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Response Data from the JULIET Trial in DLBCL

Panelists: Stephen J. Schuster, MD, University of Pennsylvania
Published: Friday, May 25, 2018



Transcript: 

Stephen J. Schuster, MD: This week, the FDA approved tisagenlecleucel (Kymriah), for treatment of diffuse large B-cell lymphoma. Therefore, we now have the second CAR T-cell agent for treatment of patients with relapsed/refractory DLBCL.

The basis for approval were the results of the JULIET trial, and where I was the principal investigator. It was a very exciting study because it was global—there were 27 centers that participated, in 10 different countries, on 4 different continents. I was able to travel a lot and meet a lot of people, but I think the most important thing is that we demonstrated that this treatment approach can be administered globally. Whether in Europe, Asia, Australia, North America, this therapy could be successfully employed by physicians. You don’t have to be at the University of Pennsylvania on the early trial, that we already published, for this to be feasible. The results of this large study were almost exactly the same as the results of my own phase II study, which was the basis for development of the JULIET trial. It is really gratifying to see a multicenter trial, with many hands on it, end up with the same kind of results that I found in a very tightly controlled study run at our single institution.

The complete remission rate, which was similar, appears to be durable. In my own study, I published the 2-year follow-up last December in the New England Journal of Medicine, but now the longest follow-up is over 4 years. These remissions in large B-cell lymphoma are extending over 4 years. Extrapolating from that, to the similar response rates in JULIET, I think we’re going to see the same duration of response. The JULIET trial showed that just under 40% of patients were responding at 6 months, and based on my trial, I anticipate they will continue to respond for years. It’s difficult to exactly compare that with the Yescarta (or Kite trial), because the data are presented by pooling 2 groups of patients in different proportions than on the JULIET trial. If you pull out the equivalent patients, response rates are about the same—between 30% to 40% with durable remissions at 6 to 8 months and longer. I anticipate the same kind of long duration that I saw in my own preliminary study. Therefore, there are 2 trials showing successful therapy: the trial that led to axi-cel, or Yescarta, and the JULIET trial, which led to the approval of tisagenlecleucel, or Kymriah.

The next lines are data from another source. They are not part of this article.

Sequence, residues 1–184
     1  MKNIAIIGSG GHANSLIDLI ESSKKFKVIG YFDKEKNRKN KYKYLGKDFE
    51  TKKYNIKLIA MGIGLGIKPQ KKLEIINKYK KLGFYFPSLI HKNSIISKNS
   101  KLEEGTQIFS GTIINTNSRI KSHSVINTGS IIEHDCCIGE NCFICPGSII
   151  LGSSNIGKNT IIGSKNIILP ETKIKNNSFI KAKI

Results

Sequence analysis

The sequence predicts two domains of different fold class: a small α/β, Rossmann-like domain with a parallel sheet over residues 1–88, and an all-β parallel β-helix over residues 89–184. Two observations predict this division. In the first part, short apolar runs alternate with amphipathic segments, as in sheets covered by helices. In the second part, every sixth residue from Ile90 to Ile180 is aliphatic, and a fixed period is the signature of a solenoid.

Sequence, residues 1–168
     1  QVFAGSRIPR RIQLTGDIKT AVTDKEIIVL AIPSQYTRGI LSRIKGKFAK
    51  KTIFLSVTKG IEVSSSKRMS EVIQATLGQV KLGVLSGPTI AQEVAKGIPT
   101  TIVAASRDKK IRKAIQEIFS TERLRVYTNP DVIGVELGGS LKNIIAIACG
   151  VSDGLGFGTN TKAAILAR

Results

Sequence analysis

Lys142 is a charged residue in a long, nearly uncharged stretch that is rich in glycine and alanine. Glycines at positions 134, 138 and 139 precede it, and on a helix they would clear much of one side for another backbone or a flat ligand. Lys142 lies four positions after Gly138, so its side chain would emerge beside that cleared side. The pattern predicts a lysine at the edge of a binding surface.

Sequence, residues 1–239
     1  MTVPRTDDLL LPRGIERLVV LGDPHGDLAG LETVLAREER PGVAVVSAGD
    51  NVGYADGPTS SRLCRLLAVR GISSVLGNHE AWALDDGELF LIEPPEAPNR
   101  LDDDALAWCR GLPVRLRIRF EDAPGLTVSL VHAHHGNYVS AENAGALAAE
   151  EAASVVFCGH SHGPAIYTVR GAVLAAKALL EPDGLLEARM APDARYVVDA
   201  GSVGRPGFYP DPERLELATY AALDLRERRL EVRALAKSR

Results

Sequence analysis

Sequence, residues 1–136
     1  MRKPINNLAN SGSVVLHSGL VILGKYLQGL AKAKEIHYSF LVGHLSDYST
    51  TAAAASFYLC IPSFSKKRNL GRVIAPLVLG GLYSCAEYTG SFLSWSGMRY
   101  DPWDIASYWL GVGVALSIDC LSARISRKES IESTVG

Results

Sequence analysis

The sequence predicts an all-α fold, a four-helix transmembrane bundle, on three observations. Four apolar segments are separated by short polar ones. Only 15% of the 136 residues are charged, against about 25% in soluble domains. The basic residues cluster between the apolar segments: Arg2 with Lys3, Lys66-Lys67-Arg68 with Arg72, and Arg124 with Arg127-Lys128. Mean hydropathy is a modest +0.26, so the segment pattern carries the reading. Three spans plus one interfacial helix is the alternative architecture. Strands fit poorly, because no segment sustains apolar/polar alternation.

Transcript Edited for Clarity 
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Transcript: 

Stephen J. Schuster, MD: This week, the FDA approved tisagenlecleucel (Kymriah), for treatment of diffuse large B-cell lymphoma. Therefore, we now have the second CAR T-cell agent for treatment of patients with relapsed/refractory DLBCL.

The basis for approval were the results of the JULIET trial, and where I was the principal investigator. It was a very exciting study because it was global—there were 27 centers that participated, in 10 different countries, on 4 different continents. I was able to travel a lot and meet a lot of people, but I think the most important thing is that we demonstrated that this treatment approach can be administered globally. Whether in Europe, Asia, Australia, North America, this therapy could be successfully employed by physicians. You don’t have to be at the University of Pennsylvania on the early trial, that we already published, for this to be feasible. The results of this large study were almost exactly the same as the results of my own phase II study, which was the basis for development of the JULIET trial. It is really gratifying to see a multicenter trial, with many hands on it, end up with the same kind of results that I found in a very tightly controlled study run at our single institution.

The complete remission rate, which was similar, appears to be durable. In my own study, I published the 2-year follow-up last December in the New England Journal of Medicine, but now the longest follow-up is over 4 years. These remissions in large B-cell lymphoma are extending over 4 years. Extrapolating from that, to the similar response rates in JULIET, I think we’re going to see the same duration of response. The JULIET trial showed that just under 40% of patients were responding at 6 months, and based on my trial, I anticipate they will continue to respond for years. It’s difficult to exactly compare that with the Yescarta (or Kite trial), because the data are presented by pooling 2 groups of patients in different proportions than on the JULIET trial. If you pull out the equivalent patients, response rates are about the same—between 30% to 40% with durable remissions at 6 to 8 months and longer. I anticipate the same kind of long duration that I saw in my own preliminary study. Therefore, there are 2 trials showing successful therapy: the trial that led to axi-cel, or Yescarta, and the JULIET trial, which led to the approval of tisagenlecleucel, or Kymriah.


Transcript Edited for Clarity 
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